New Zealand's pay day lending market is likely to shrink substantially under proposals by the Government to introduce a daily interest rate cap of 0.8 per cent and high-risk borrowers could find themselves out of luck.
Commerce and Consumer Affairs Minister Kris Faafoi announced on Tuesday the Government would add the cap to its proposals for overhauling the Credit Contracts Legislation Amendment Bill after submissions to the finance and expenditure select committee repeatedly called for an interest rate cap.
The cap is in addition to the proposal to limit interest and fees over the life of a loan to 100 per cent of the amount borrowed for high-cost lenders - those who charge interest of more than 50 per cent per annum.
New Zealand is an outlier in not having an interest rate cap with 25 out of 36 OECD countries having interest rate caps on high-cost lending.
In 2015 the United Kingdom introduced a daily cap of 0.8 per cent. A report two years later by its regulator the Financial Conduct Authority found around two thirds of companies dropped out of the pay day lending market and the amount of money lent had dropped by more than 40 per cent.
Christopher Walsh, a senior researcher at financial product comparison site MoneyHub said the 0.8 per cent per day cap would likely result in a fall in the number of operators.
"We know payday lenders are good at assessing credit risk, but they need to charge the right level of interest to keep operating. If interest rates are capped at around 290 per cent per annum, it's arguable that there will be some contraction in the market as riskier borrowers become unprofitable."
Victoria Stace, a law lecturer at Victoria University who undertook joint research into the issues in New Zealand's consumer credit market and the proposals for reforming it, said it would not be the end of the pay day lending market.
"Australia and the UK both have thriving pay day lending markets."
But she said there was a possibility some businesses would find they can't operate within the proposed restrictions.
She said 0.8 per cent interest per day compounded was still a large amount. It was not unusual to find companies charging interest rates of 1.2 to 1.5 per cent a day and those companies would have to reduce their rates.
"But the big ones will manage."
Stace said no one knew exactly how big the pay day lending market was and she believed there were at least 30 companies operating in that space.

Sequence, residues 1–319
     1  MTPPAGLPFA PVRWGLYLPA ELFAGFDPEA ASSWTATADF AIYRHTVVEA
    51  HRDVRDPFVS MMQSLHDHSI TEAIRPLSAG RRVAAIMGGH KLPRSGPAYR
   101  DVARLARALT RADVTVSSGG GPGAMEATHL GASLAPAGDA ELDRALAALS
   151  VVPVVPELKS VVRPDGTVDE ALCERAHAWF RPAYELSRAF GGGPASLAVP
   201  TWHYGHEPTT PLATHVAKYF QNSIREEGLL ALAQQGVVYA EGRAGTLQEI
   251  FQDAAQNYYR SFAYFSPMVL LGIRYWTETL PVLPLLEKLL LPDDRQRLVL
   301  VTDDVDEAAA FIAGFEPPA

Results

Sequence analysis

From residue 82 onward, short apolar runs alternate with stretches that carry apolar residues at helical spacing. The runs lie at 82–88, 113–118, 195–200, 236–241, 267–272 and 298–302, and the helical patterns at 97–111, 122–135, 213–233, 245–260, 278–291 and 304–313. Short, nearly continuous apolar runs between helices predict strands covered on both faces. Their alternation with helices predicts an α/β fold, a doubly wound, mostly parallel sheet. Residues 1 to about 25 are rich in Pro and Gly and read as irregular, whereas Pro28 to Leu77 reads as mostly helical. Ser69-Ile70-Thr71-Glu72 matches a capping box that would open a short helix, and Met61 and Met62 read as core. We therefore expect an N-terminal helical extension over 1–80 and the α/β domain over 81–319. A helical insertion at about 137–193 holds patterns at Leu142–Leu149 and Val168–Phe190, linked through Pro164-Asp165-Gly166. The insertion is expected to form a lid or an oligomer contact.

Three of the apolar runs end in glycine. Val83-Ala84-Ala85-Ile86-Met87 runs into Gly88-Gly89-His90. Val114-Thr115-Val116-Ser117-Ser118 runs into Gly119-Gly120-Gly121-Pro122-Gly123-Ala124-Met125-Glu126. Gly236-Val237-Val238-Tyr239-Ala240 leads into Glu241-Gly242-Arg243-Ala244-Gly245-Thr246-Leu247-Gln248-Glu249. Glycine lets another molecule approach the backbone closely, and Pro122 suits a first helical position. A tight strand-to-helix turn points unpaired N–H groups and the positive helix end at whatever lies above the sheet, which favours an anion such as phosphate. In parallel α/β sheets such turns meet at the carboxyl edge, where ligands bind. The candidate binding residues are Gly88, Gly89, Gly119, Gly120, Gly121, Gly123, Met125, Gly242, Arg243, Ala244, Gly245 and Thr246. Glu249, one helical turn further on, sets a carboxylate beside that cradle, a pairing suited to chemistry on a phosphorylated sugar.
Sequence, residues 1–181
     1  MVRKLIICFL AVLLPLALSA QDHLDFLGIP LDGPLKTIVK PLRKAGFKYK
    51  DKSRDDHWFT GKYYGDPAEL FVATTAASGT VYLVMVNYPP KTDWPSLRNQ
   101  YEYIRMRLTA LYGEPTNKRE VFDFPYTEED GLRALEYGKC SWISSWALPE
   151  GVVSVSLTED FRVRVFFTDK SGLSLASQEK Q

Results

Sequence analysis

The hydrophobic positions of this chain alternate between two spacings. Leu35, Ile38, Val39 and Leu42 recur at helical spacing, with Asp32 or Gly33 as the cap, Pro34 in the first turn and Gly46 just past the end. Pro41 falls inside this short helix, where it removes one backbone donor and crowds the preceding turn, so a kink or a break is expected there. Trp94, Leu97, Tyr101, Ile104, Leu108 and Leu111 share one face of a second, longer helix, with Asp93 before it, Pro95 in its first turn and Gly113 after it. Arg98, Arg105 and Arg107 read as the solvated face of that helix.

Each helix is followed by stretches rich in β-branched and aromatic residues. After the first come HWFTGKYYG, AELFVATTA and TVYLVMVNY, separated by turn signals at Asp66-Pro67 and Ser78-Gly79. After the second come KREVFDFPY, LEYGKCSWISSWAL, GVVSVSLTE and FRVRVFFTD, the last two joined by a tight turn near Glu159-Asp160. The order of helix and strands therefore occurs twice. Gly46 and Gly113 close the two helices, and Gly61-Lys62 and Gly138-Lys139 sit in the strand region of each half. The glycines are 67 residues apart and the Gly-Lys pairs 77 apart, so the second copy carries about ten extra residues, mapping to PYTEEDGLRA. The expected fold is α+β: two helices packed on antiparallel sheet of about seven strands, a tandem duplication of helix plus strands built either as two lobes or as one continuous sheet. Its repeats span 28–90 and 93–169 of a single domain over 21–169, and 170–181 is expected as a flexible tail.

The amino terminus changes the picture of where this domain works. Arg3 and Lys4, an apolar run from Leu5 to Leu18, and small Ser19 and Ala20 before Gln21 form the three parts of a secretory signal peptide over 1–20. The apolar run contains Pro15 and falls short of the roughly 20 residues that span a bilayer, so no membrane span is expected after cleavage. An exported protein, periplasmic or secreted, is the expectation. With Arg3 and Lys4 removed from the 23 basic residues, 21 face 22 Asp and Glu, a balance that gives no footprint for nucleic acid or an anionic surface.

It would also reduce higher risk lending as the lower return would mean businesses couldn't afford to have high default rates.
"One consequence is some people who are very bad risk borrowers won't be able to get loans. Is that a good or bad thing? That is debatable."
In many cases those people should not be going to pay day lenders, she said.
The proposed change has left Cash Converters, one of New Zealand's biggest pay day lenders, assessing its position.
Erin White, national personal finance manager at Cash Converters, said it was disappointed the Government intended to introduce an interest rate cap.
"Throughout the legislative process we have strongly supported the Government's efforts to improve consumer protection while maintaining financial inclusion across the community.
"We are deeply concerned that an interest rate cap on top of all the other protection measures will lead to financial exclusion for tens of thousands of New Zealanders who access short-term credit every day without any issue."
White said it was also assessing what the proposed interest rate cap could mean to its employees and customers, if it was passed into law.
Cash Converters has around 400 staff across the country.
Another pay day lender, Save my Bacon, said it was moving out of that area of the market.
Save My Bacon chief risk officer Neil Perkins, said it had moved away from payday loans to longer-term loans whose interest rates were below the proposed cap.
Asked about the impact of a rate cap on the industry Perkins said experience had shown that the number of loan providers reduced in the UK under similar measures.
"It is important that vulnerable consumers be protected and some companies will find these changes a challenge to manage."
The bill is expected to pass later this year before coming into effect from March next year.